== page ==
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Half a decade ago a scientist, an engineer and a businessman met in a Dublin backyard to conduct an experiment. They heated water in an electric tea maker, then poured it into a bisected segment of pipe. At the bottom of the half-pipe lay a length of wire, and one of the men held a ruler next to it. As the hot water gushed through the pipe, the wire shortened by several centimeters; when they poured cold water over it, it returned to its original length. The trio thought they might be onto something big.

The strange, morphing wire they tested was made of a material called shape memory alloy. Such metals (and some nonmetals) shift into and out of predetermined shapes when subjected to certain temperatures or to pressure or electrical stimuli. Invented 60 years ago, shape memory alloy has been used in fields such as biomedicine and aeronautical engineering. But one of its most stubbornly elusive applications is harvesting energy from hot water. Now those former backyard experimentalists—founders of a company called Exergyn—say they have created an engine that uses morphing wire and hot water left over from industrial processes to generate electricity.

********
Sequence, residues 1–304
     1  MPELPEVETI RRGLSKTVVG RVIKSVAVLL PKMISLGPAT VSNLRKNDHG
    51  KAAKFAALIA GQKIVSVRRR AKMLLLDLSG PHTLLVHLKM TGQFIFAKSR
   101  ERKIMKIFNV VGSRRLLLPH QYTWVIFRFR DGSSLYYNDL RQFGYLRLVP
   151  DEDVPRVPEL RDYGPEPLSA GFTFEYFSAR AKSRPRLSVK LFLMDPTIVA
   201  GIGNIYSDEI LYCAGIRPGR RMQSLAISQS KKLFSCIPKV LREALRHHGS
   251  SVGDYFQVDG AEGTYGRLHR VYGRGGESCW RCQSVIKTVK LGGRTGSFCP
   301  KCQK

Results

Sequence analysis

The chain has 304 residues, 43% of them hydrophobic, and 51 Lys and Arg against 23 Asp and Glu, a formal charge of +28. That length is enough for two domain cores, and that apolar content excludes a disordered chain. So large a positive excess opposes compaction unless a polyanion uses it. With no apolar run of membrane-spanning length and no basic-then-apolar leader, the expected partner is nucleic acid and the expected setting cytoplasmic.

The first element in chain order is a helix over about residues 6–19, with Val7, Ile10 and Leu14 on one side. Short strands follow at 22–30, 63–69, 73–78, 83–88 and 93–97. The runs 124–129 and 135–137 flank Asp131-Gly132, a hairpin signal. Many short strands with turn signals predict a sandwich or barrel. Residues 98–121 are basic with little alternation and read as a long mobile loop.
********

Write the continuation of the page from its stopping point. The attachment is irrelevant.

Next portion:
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Category: Science